October 29, 2008

Rock You Like A Hurricane

Hurricanes are already destructive enough. There is no reason for us to make them even MORE destructive by giving already established human names to the storms. The hurricanes are not only causing physical damage, but also damage to those names. (NO JOKE SECTION) Hurricane Katrina was terrible. Nobody will ever name their kid Katrina again. The name has been tainted forever.

Who's idea was it to name the hurricanes with already established human names, anyway? If a hurricane named "Johnny" ever wreaks havoc upon the coastline, I can't help but feel partially responsible. So here is my proposal for the latest trend: Start naming hurricanes for things that are already terrible. This way, no new names are ruined. For example, when Hurricane Syphilis wipes out an island in the Caribbean, no harm has been done to "syphilis." It already is a word that has a bad reputation.

Also, the more menacing name could potentially cause people to be more prepared, and in the end save lives. Which of the following strikes more fear into your heart: Hurricane Ricky or Hurricane Homocide?

So I urge you, trendsetters, write to the National Weather Service and urge them to stop ruining perfectly good names. After all, it could be Hurricane (insert your name here) that comes through next. You don't want everybody to hate you, right?

Sign that this trend has caught on: Hurricane Starvation
Has this trend caught on yet? No

October 1, 2008

Solution: Sign Language

The newest trend should be that of learning sign language. This is so obvious, that I truly cannot believe that it has not been implemented already. I learned how to spell out my name:  J-O-H-N-N-Y   T-R-E-N-D-S-E-T-T-E-R from the back cover of my 1st grade "Weekly Reader". This has had very limited usefulness. The benefits, and the resultant popularity, of REALLY knowing sign language could potentially be life altering.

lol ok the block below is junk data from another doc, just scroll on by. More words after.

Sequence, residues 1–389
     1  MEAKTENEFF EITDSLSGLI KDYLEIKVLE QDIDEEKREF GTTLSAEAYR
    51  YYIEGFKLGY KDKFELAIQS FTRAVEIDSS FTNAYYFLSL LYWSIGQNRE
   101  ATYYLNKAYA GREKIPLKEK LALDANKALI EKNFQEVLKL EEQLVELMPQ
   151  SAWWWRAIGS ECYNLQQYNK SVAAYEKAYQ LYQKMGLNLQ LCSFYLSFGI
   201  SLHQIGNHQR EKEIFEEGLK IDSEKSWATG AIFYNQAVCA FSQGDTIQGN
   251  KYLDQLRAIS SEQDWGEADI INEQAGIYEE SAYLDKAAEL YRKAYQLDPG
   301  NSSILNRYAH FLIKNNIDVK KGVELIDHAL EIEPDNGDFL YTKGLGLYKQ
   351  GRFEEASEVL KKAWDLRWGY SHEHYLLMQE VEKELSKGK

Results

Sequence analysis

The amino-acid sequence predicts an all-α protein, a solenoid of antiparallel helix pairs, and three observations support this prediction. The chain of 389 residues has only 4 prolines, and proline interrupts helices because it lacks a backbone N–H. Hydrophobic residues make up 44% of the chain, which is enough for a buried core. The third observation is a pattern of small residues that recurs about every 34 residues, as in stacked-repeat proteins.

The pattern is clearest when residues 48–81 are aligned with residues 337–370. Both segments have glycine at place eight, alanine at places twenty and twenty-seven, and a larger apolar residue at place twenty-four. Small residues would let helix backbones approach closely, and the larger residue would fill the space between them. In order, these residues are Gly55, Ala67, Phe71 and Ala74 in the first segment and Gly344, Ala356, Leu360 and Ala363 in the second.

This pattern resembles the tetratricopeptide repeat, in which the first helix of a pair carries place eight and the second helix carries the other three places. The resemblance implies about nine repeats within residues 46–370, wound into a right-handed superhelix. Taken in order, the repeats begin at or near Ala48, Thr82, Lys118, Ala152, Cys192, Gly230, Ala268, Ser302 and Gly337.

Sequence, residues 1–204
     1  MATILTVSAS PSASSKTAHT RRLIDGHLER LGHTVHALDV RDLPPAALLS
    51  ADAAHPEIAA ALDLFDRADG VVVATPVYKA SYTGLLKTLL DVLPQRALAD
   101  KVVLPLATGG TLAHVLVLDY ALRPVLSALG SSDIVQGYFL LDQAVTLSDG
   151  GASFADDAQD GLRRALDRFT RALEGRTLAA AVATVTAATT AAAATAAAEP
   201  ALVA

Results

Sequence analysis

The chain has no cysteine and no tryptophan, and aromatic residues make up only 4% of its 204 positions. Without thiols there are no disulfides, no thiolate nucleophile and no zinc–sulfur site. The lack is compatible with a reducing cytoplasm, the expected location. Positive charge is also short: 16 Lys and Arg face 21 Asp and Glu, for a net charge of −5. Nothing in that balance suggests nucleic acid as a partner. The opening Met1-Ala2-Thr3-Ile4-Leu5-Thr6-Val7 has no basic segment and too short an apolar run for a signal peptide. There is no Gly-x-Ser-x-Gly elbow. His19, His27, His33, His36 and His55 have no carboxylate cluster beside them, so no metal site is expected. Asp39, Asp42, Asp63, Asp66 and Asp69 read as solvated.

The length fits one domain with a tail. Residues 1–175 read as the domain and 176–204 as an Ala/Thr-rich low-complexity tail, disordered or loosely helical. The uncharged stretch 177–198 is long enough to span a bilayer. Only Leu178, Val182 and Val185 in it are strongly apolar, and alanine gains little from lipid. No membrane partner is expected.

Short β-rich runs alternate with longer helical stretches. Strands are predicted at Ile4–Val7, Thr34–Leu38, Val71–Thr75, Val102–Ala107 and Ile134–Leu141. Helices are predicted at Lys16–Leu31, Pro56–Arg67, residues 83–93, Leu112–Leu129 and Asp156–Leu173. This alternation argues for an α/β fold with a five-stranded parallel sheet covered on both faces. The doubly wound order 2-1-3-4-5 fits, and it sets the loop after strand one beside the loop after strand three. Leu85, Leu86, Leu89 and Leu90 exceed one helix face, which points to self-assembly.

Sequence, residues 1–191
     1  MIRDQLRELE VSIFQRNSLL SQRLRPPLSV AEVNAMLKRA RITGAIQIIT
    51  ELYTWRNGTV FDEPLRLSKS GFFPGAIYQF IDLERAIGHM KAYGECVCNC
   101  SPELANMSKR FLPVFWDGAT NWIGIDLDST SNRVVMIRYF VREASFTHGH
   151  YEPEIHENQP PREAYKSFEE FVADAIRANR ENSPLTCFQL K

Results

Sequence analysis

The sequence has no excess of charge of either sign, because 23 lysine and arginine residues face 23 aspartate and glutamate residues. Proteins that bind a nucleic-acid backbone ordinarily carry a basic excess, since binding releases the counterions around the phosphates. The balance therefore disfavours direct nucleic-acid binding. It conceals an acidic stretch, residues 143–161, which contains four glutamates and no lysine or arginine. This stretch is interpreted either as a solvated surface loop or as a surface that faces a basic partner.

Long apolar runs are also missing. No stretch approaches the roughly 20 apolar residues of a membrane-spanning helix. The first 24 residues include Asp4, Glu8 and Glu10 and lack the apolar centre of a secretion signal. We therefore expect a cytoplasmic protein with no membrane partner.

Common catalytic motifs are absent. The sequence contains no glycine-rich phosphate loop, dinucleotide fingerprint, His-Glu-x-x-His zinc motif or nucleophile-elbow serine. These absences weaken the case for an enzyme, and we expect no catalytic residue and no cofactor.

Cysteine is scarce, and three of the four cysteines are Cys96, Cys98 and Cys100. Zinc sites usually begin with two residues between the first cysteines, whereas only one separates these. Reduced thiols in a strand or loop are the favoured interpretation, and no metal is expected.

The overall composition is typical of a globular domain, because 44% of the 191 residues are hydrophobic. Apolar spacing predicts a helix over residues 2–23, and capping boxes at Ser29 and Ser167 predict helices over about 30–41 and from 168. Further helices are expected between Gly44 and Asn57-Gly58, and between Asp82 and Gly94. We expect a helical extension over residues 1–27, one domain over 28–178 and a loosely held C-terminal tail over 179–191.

Imagine yourself, along with a friend, sitting in the library studying Lewis and Clark. A few feet away is a gentlemen engrossed in a book explaining how to effectively rid a garden of aphids. You want to comment to your friend about how you think that Clark's name should come before Lewis', yet don't want to disturb the gardener down the way. Silence is the unspoken (literally) rule of library etiquette. Solution: Sign Language.

Imagine that you're on a plane with that same friend. You have spotted massive pit stains on the guy sitting a row in front of you. Every time he stands up to get something from the overhead bin they are quite evident and grossly entertaining. You want to notify your friend so that you can continue to monitor their growth throughout the trip, but at the same time you don't want the man to overhear you and hurt his feelings/ruin the fun. Solution: sign language.

Learning sign language could also potentially save your life. Suppose you and your spouse are soundly asleep one night. You are suddenly awoken in the middle of the night by the sound of someone rummaging around your living room. BANDITS! You hear the thieves making their way towards your bedroom, meanwhile filling their sack with loot. You are forced to hide across the room from each other, one behind the dresser, the other behind a nightstand. You can still see each other, but the bandits cannot see you. You need a strategy. You are too apart to whisper, but talking will give away your hiding spots. Solution: Sign Language. You can now silently develop an effective plan (one of you acts as a decoy, while the other sneaks up behind the bandits and subdues them). Your lives were saved because you decided to be trendy and learn sign language.

EDITORS NOTE: Even if being popular isn't on your agenda, please consider adopting this latest trend for safety purposes.

Sign that this trend has caught on: Two semesters of sign language are required for high school graduation
Has this trend caught on yet? No